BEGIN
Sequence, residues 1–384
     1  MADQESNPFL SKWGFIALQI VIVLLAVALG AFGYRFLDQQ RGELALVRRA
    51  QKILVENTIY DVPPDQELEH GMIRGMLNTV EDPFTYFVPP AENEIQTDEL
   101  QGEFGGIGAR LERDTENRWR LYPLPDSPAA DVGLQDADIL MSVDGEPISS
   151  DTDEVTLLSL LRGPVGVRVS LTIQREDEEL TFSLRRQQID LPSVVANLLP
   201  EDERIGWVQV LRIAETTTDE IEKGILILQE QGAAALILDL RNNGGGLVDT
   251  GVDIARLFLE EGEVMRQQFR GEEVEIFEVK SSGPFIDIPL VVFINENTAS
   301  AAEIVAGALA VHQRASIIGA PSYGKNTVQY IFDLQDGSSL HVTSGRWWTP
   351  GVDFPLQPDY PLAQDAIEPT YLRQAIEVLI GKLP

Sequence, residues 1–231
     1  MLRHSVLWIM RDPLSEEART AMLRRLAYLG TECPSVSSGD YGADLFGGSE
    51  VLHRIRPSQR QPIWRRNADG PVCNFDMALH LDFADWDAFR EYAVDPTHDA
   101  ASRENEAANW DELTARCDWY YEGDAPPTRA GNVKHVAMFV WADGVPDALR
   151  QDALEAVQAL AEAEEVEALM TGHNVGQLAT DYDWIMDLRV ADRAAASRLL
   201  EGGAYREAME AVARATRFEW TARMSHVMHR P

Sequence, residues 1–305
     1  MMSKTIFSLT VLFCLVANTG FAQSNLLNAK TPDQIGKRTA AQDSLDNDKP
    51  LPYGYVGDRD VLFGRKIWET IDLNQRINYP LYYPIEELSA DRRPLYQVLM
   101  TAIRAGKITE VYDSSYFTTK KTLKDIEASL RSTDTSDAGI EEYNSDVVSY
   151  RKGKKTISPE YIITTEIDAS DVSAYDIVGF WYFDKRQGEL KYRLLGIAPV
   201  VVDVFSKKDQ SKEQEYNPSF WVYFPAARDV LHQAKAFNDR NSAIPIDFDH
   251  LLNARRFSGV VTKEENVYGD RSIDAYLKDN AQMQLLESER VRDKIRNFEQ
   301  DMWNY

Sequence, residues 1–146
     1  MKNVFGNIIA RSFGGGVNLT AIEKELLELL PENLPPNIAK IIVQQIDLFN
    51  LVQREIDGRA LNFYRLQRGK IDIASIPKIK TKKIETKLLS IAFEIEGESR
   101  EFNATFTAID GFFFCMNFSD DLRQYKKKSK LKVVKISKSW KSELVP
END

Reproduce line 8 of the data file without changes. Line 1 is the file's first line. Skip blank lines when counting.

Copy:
   301  AAEIVAGALA VHQRASIIGA PSYGKNTVQY IFDLQDGSSL HVTSGRWWTP